STOCKBRIDGE, Mich. — The Ingham County Board of Commissioners is giving Stockbridge Community Schools close to $600,000 in COVID relief money, hoping to ease the effects of the pandemic.
Brian Friddle, the superintendent at Stockbridge Community Schools, made the request.
“Right now, with the effects of COVID, with the contact tracing, with the testing to stay, testing our student-athletes, it is very important that we have the personnel to do that. And right now, we are just overwhelming our staff,” Friddle said.
The $590,000 will pay for a nurse and a social worker over the next two years.
“We are excited about the opportunities it's going to provide for our kids and the relief it will provide for our staff,” Friddle said.
Ingham County Commissioner Todd Tennis said that the nurse and social worker will help “with anything related to COVID 19 testing, mental health issues that students are feeling from having to either be isolated or not be at school as often.”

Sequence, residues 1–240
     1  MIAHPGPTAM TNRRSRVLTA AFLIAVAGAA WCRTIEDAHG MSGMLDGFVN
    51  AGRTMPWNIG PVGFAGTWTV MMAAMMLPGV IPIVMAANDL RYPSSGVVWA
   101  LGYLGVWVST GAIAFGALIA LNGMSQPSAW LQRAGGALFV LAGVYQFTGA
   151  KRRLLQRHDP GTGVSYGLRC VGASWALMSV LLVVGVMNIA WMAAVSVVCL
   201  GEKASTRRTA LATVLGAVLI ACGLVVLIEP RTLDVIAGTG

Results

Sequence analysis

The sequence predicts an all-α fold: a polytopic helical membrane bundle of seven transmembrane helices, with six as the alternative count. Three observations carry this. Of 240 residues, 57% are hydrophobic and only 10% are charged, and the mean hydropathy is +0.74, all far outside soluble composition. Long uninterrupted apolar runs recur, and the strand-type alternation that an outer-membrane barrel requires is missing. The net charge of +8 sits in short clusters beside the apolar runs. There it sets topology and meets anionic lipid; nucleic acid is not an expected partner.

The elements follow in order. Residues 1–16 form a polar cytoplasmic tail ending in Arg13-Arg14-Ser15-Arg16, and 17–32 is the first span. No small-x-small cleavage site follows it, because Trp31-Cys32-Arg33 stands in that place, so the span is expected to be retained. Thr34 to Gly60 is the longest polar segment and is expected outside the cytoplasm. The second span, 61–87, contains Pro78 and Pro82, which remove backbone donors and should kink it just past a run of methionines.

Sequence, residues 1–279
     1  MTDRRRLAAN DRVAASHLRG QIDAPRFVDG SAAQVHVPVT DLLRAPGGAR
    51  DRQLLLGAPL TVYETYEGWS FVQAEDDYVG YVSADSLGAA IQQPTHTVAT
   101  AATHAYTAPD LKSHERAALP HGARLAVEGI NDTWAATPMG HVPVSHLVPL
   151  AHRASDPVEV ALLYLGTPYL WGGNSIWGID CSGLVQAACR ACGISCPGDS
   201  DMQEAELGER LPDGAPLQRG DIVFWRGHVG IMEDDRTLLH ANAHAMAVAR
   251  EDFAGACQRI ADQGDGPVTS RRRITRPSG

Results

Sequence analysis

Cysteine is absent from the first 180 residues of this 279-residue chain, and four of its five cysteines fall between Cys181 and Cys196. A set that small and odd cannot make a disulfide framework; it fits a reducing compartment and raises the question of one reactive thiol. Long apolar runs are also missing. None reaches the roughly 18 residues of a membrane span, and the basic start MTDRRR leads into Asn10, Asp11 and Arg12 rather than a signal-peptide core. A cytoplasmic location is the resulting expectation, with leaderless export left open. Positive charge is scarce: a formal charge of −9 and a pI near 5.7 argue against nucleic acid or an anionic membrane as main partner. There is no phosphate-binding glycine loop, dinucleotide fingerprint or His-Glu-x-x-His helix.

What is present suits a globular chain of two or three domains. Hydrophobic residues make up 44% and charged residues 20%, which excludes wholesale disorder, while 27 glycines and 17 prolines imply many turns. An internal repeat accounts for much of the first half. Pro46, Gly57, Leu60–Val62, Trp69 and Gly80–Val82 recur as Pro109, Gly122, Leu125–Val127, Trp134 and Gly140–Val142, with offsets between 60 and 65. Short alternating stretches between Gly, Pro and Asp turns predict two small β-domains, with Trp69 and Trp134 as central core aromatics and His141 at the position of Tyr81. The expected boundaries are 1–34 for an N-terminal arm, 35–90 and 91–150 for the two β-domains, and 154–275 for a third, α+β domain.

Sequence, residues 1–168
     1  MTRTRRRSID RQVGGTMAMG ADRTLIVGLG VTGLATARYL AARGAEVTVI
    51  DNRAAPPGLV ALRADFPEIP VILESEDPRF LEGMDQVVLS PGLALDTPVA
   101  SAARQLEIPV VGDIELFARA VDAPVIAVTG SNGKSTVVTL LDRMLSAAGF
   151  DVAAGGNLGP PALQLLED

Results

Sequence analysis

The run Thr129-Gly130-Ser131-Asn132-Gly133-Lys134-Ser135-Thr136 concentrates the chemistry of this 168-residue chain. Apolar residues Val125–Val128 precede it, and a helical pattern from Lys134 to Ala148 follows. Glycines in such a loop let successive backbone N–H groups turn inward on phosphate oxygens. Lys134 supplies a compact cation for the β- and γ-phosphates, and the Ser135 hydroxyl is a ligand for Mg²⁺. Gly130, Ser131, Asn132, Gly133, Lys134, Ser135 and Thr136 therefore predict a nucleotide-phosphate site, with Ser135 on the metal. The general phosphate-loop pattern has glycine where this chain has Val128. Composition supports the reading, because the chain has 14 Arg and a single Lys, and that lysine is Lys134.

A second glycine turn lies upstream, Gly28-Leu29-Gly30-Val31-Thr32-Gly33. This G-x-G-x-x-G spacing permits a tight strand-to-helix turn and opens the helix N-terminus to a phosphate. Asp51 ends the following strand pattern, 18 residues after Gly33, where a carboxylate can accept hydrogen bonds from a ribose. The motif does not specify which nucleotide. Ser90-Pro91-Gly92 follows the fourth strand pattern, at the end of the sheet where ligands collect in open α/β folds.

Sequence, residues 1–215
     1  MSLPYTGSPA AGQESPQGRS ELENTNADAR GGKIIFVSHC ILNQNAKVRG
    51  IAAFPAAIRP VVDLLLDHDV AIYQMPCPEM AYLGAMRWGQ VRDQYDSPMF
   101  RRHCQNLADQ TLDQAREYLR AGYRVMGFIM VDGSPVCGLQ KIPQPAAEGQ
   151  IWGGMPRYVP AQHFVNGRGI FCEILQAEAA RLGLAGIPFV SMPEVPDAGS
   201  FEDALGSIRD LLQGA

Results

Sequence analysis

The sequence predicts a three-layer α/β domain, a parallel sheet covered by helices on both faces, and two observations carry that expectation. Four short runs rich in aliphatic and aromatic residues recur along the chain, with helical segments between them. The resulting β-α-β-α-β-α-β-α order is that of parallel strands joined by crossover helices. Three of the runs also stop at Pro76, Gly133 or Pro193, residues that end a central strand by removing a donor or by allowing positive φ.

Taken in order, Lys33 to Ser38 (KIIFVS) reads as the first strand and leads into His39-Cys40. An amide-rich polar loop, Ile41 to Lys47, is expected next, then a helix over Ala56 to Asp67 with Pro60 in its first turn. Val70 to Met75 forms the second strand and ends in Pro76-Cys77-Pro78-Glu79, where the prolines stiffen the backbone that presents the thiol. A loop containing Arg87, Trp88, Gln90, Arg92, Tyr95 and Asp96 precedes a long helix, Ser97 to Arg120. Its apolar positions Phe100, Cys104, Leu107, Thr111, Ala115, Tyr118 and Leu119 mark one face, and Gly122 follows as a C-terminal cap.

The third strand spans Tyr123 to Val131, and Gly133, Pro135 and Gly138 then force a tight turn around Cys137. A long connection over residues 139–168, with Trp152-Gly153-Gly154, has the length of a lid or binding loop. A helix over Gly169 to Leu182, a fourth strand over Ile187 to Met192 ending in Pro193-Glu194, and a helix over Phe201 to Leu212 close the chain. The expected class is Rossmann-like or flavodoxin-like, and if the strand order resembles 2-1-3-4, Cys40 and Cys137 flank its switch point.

However, this is only a temporary fix. The Stockbridge Community Schools serve children from 10 different zip codes, an area that the Federal Health Resources and Services Agency designated as medically underserved.
“There is no doctor in our community,” Friddle said. “We don't have a grocery store in town.”
Friddle said that residents in need of a doctor need to drive at least 15 miles to get the care they need.
Tennis added that money, which comes from the approximately $50 million the country received through the American Rescue Plan, can only be spent on COVID-related initiatives, but the hope is that this can be the start of something bigger.
“We hope that they can use that as a springboard to bring other community agencies on board with the ultimate goal of creating additional primary care services in Stockbridge..." he said. "The hope is that this program, this grant can help Stockbridge start to rebuild, rebuild efforts to recreate primary care services there so that Stockbridge residents don't have to travel so far to see a doctor."
Stockbridge is located near the intersection of four counties.
“Livingston County, Washtenaw County, Jackson County, and Ingham, and so it is hard for them because of these artificial political boundaries,” Tennis said.
Friddle is hoping that the city will establish a community health center in the future, which would also provide easier access to vaccines in the area.
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